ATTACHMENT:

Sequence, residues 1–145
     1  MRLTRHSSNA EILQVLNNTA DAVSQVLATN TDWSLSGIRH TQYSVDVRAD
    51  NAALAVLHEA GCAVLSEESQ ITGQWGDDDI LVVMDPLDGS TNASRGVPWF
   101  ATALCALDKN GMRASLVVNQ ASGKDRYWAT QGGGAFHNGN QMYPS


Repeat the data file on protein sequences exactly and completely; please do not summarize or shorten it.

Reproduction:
Sequence, residues 1–145
     1  MRLTRHSSNA EILQVLNNTA DAVSQVLATN TDWSLSGIRH TQYSVDVRAD
    51  NAALAVLHEA GCAVLSEESQ ITGQWGDDDI LVVMDPLDGS TNASRGVPWF
   101  ATALCALDKN GMRASLVVNQ ASGKDRYWAT QGGGAFHNGN QMYPS